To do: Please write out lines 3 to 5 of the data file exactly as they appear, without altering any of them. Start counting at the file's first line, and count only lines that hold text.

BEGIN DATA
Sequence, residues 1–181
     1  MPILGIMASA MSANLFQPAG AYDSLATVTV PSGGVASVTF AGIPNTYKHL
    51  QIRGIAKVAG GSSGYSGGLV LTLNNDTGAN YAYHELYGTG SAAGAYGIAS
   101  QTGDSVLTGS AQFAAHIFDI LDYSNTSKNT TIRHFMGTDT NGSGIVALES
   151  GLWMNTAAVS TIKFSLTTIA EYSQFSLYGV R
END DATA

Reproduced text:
    51  QIRGIAKVAG GSSGYSGGLV LTLNNDTGAN YAYHELYGTG SAAGAYGIAS
   101  QTGDSVLTGS AQFAAHIFDI LDYSNTSKNT TIRHFMGTDT NGSGIVALES
   151  GLWMNTAAVS TIKFSLTTIA EYSQFSLYGV R